Amazon is apparently sick of getting clobbered by Apple's iTunes in digital music sales. The e-commerce giant, which used to be the go-to place for music online, just offered a startling one-day special, selling Lady Gaga's new album at 99 cents a copy.
The album wholesales for around $9, so this meant that Amazon was briefly losing about $8 per sale. Estimates for the album's first-day sales are about 250,000-350,000 copies, so assuming Amazon sold a third of those copies, it might have lost $800,000 on the promotion.
After the one-day sale, moreover, Amazon began selling the album for $6.99, which means it's still losing money on every sale. This is in contrast to Apple, which is selling the basic album and an expanded version for much higher prices.
So, what's Amazon up to?
It is presumably trying to raise awareness for its own music downloading store, using the Lady Gaga promotion as a loss-leader to get folks in the door.
This is a typical move: Retailers often offer "loss-leaders" designed to get customers in the store, and they view the losses on these products as a marketing expense. Amazon has never done much traditional marketing, via radio, television, and print. Instead, it has put its marketing budget into lower prices and promotions like this. And this strategy has obviously been successful.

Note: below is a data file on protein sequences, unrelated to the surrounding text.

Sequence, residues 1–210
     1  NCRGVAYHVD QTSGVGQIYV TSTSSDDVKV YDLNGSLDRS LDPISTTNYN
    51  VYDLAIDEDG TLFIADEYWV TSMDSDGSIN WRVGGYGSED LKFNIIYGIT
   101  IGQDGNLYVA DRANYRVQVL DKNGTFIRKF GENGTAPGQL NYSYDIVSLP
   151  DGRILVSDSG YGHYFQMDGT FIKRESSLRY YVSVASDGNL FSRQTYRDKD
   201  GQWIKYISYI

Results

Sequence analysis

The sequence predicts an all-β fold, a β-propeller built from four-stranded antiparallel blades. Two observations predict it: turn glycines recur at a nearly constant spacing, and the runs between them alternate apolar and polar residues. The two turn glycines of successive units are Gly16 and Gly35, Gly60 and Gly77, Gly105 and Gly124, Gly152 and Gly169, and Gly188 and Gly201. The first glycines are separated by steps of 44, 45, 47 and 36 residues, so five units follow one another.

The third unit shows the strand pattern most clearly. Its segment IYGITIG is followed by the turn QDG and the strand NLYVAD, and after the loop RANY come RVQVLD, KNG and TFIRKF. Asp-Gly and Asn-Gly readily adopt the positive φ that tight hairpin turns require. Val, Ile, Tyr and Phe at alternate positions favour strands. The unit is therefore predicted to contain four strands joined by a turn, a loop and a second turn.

Will the Lady Gaga sale dent Apple's estimated 90% share of music downloads?
It will probably provide Amazon with at least a short-term boost. Over the long haul, however, unless Amazon continues to offer such deals, customers will likely stick with their habits (which, right now, means mostly iTunes).
Given that Apple is threatening to take a big bite out of digital sales of not only music but also video and books, however, Amazon will likely stay aggressive. Apple has taken aim at a core part of Amazon's business--media sales--and Amazon can't just sit back and do nothing as Apple runs away with the game.